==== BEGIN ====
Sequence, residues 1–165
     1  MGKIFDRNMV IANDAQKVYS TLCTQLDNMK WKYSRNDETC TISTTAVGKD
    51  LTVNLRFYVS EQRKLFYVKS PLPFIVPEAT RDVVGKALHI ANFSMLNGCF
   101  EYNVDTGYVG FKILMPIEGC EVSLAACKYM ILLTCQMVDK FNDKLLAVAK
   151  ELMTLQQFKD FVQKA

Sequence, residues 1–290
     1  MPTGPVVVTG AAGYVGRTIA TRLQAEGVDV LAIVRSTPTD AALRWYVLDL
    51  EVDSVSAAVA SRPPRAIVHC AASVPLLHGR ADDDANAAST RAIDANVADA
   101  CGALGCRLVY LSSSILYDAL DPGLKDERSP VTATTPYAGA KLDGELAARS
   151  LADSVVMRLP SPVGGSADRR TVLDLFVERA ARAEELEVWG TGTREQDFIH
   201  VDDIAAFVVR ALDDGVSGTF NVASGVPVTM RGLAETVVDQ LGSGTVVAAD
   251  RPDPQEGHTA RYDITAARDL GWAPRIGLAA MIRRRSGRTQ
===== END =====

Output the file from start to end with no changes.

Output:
Sequence, residues 1–165
     1  MGKIFDRNMV IANDAQKVYS TLCTQLDNMK WKYSRNDETC TISTTAVGKD
    51  LTVNLRFYVS EQRKLFYVKS PLPFIVPEAT RDVVGKALHI ANFSMLNGCF
   101  EYNVDTGYVG FKILMPIEGC EVSLAACKYM ILLTCQMVDK FNDKLLAVAK
   151  ELMTLQQFKD FVQKA

Sequence, residues 1–290
     1  MPTGPVVVTG AAGYVGRTIA TRLQAEGVDV LAIVRSTPTD AALRWYVLDL
    51  EVDSVSAAVA SRPPRAIVHC AASVPLLHGR ADDDANAAST RAIDANVADA
   101  CGALGCRLVY LSSSILYDAL DPGLKDERSP VTATTPYAGA KLDGELAARS
   151  LADSVVMRLP SPVGGSADRR TVLDLFVERA ARAEELEVWG TGTREQDFIH
   201  VDDIAAFVVR ALDDGVSGTF NVASGVPVTM RGLAETVVDQ LGSGTVVAAD
   251  RPDPQEGHTA RYDITAARDL GWAPRIGLAA MIRRRSGRTQ